Changes have been made to Singapore’s Corporations Act (CA) to make it mandatory for all companies to maintain a Register of Controllers by March 31, 2017. So that the ownership and control structures of companies may be made more transparent.
Fines of up to $5,000 may be imposed on companies and officials who fail to comply with their duties under the Register of Controllers. This means that everything has to be done just right!
However, don’t let yourself become disheartened; building and maintaining a Register of Registrable Controllers (RORC) does not have to be a complicated undertaking. This extensive instruction will show you exactly how to accomplish it.
To help small-business entrepreneurs who are interested in the following topics:
As a company secretary, they would be responsible for compiling and maintaining the firm’s Register of Controllers. They have founded a business in Singapore (instead of engaging a registered filing agent to handle things for them).
It’s often expected that figuring out who your company’s top decision makers are would be a straightforward procedure. So it won’t provide precise advice in more complicated cases, such when your business is majority-owned by another publicly listed company on a foreign stock exchange. This is why.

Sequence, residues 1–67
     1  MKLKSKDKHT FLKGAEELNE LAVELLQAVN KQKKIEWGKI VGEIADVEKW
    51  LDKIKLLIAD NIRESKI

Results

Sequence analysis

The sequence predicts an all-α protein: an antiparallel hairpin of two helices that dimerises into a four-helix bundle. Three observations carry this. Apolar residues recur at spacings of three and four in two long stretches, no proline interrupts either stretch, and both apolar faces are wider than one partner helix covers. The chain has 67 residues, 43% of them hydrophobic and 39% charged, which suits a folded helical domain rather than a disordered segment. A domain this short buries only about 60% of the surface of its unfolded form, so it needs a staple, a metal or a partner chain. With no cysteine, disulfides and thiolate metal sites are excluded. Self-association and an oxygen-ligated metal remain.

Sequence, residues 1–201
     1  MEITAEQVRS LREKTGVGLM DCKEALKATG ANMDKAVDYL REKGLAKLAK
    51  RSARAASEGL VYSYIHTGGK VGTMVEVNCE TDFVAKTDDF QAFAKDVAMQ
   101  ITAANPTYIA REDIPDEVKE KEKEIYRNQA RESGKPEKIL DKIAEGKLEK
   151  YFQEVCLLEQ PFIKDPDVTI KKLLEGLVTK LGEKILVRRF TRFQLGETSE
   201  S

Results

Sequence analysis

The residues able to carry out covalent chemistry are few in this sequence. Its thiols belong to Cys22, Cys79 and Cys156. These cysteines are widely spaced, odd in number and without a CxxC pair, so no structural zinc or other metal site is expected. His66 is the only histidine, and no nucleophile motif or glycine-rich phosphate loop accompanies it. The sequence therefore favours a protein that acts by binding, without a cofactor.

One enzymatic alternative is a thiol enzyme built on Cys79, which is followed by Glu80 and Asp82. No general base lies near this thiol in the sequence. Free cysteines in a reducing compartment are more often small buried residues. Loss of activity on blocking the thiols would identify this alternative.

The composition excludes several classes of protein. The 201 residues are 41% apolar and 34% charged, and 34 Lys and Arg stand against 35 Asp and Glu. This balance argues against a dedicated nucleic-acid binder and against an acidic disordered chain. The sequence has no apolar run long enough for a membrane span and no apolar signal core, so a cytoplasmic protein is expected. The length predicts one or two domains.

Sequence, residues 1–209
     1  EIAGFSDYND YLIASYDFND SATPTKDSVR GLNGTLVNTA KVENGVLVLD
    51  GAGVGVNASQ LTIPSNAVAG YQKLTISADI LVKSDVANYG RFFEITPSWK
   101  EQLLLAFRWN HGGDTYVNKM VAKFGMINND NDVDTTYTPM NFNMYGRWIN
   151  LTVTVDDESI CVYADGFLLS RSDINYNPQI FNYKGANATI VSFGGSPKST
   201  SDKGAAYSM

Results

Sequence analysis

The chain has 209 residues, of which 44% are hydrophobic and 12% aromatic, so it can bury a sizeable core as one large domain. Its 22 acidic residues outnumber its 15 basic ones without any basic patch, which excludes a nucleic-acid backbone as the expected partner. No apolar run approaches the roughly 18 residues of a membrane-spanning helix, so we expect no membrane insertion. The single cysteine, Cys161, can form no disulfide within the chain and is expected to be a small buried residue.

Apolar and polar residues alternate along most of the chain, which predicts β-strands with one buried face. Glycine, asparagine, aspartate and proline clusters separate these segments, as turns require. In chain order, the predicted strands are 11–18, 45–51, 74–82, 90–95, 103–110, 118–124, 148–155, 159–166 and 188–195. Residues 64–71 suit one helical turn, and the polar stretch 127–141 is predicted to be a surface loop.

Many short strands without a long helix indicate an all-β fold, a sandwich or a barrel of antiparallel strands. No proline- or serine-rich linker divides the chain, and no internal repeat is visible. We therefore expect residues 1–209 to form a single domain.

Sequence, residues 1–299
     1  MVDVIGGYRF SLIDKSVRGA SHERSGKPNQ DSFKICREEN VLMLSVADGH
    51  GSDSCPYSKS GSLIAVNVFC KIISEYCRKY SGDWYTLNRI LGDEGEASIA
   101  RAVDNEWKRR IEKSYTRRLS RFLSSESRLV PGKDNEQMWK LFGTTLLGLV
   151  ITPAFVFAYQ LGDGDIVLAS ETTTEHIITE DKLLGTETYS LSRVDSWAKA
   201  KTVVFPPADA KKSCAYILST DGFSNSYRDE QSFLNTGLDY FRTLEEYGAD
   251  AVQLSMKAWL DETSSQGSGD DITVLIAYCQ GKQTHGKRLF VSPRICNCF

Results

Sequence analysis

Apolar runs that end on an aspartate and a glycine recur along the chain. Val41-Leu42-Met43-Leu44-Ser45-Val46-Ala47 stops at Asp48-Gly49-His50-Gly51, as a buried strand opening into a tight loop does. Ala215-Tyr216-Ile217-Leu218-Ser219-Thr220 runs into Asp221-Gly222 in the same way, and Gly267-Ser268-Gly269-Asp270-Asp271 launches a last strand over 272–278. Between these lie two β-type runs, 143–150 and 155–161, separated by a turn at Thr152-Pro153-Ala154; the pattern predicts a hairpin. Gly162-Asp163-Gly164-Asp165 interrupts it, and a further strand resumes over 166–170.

When it comes to creating and maintaining your company’s Register of Controllers, it’s a good idea to get help from a corporate secretarial firm.
The Register of Controllers is a list of the registerable controllers of a company. All firms will have to comply by March 31, 2017 (unless they are exempt).
Other governmental bodies, such as the Singapore Accounting and Corporate Regulatory Authority (ACRA), may demand that any corporation furnish its Register of Controllers for inspection or evaluation. The Register of Controllers must be set up appropriately and in a timely way as a consequence.
What does it mean to say that something is “controlled”?
“Major interest” or “significant control,” depending on the definition, are both examples of what it means to be a controller. An individual (i.e., a human being) or an entity (i.e., a legal entity) may serve as this controller (e.g. another company).
“Significant interest” is defined by the CA as:
- Has a stake in the company equal to or greater than 25% of all shares or
- Any voting shares that represent more than 25% of a corporation’s voting power might be considered to have a financial interest. This is known as a beneficial ownership interest.
- Shareholders with a “strong stake” in a corporation possess at least 25% of the company’s equity. As a result, they have sway over the company.
In the case that your company does not have a share capital, a “significant interest” in your business is defined as a right to receive more than 25% of the firm’s capital or profits, either directly or indirectly.
Any of the following may be seen as “significant impact” on a firm:
On all (or nearly all) issues, directly or indirectly controls or has the authority to exert substantial influence or control over the firm, or does so in practice. This includes the appointment and removal of directors who control more than 25 percent of the voting powers at directors’ meetings on all (or nearly all) subjects because of their “considerable control” over their organizations’ activities, company directors are frequently referred to as “controllers.”